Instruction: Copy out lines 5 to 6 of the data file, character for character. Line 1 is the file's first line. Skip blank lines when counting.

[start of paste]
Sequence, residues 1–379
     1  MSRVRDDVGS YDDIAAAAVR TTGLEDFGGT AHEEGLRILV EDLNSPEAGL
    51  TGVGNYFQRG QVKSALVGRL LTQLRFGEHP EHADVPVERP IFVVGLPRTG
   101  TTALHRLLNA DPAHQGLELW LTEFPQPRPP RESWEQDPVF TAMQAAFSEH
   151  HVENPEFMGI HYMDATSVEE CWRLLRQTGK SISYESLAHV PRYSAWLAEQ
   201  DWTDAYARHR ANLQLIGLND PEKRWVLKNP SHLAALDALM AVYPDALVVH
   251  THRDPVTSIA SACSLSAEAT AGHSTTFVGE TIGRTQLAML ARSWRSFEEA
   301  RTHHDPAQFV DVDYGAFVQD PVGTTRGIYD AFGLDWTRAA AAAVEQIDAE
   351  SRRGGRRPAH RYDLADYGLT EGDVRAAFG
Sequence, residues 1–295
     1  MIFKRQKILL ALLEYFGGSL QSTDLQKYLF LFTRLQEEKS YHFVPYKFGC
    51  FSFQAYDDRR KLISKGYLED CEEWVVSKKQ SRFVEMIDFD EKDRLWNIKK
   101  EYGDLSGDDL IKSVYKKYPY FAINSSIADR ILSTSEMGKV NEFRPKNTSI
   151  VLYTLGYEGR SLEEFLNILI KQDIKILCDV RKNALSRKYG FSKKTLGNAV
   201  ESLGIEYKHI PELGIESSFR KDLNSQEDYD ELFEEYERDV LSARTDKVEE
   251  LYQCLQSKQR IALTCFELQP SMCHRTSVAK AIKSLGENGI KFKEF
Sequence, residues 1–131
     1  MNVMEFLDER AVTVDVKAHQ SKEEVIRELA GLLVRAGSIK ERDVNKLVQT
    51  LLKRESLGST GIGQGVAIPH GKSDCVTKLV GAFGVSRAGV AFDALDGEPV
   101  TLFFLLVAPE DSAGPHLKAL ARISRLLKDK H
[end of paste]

   151  HVENPEFMGI HYMDATSVEE CWRLLRQTGK SISYESLAHV PRYSAWLAEQ
   201  DWTDAYARHR ANLQLIGLND PEKRWVLKNP SHLAALDALM AVYPDALVVH